Riccardo Berti – riccardo.berti@studenti.unipd.it / riki9191@gmail.com
Introduction
Stirling motors are alternative heat engines with external heat input, equipped with regenerator and working with single-phase gas working fluid. These motors are called “hot air” even though in modern engines hydrogen and helium have replaced the air initially employed on these engines. Hot air engines run in closed loop, they haven’t cams or suction and exhaust pipes, so they are particularly silent, require little maintenance and have a regular running. The operating cycle is reversible and consists of:
Mechanically the cycle is achieved by cycling the working fluid between two heat exchangers (hot and cold) by means of two pistons which are suitably offset (90 ° to 120 ° angles are chosen). A regenerator with a thermal flywheel function is inserted in the circuit to limit the amount of cyclic heat exchange and improve its efficiency.
In the design and construction of a Stirling engine, attention should be paid to a few details, because unlike internal combustion engines, where specific powers are large enough to forgive heavy construction defects, in the case of Stirling engines, the specific powers are so low which leave no margin for defects and inefficiencies.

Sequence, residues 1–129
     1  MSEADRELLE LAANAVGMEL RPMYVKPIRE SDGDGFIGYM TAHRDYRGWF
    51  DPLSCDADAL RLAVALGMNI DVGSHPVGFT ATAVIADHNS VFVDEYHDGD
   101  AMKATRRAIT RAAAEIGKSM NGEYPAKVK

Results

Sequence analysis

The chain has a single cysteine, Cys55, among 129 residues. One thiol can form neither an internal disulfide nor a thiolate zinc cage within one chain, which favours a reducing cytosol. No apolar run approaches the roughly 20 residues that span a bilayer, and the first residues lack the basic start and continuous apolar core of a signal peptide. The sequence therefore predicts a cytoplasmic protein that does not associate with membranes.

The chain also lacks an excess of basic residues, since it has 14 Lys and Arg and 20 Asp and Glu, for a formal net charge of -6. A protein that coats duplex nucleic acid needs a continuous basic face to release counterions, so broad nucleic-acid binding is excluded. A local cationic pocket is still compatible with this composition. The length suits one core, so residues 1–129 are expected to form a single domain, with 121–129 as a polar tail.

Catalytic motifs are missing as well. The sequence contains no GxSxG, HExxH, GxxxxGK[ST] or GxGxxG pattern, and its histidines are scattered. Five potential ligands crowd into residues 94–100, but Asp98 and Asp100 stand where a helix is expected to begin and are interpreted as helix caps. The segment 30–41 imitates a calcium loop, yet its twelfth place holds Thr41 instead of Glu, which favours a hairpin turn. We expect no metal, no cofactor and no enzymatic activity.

The coupling between plunger and cylinder is the most critical aspect for the creation of a working Stirling engine. For this reason, it has been decided to simulate three different kinematics to identify which solution has smaller contact forces between the cylinder and the plunger, resulting in less stress for the seal and therefore greater life of the same and the engine.
There are basically 3 configurations in which a Stirling engine can be made, called α, β and γ. It was chosen to analyze Stirling-α motors because it is the configuration that generally reaches higher rotation regimes, thus presenting a greater stress for the piston cylinder coupling.
Here are the three engines used in the simulation:
in the first part, the geometric design of the three mechanisms was performed, under the condition of having the same displacement in all engines. In the second part, the Smhidt model was applied to calculate pressures within the cylinders, and consequently such pressures were imported into adams as punctual forces acting in the center of the plunger. Finally, the contact forces between the cylinder and the plunger were created by testing different plunger geometries to obtain fluid simulations.
Objectives
The goal was to achieve the trend and the magnitude of the friction forces between plunger and cylinder, implementing them in Adams as contact forces. From the comparison of the results in the three motors we wanted to identify which kinematic layout has the lowest piston cylinder contact forces. To do this, the values of the friction forces and the normal forces between the cylinder and the plunger for all three engines have been graphed.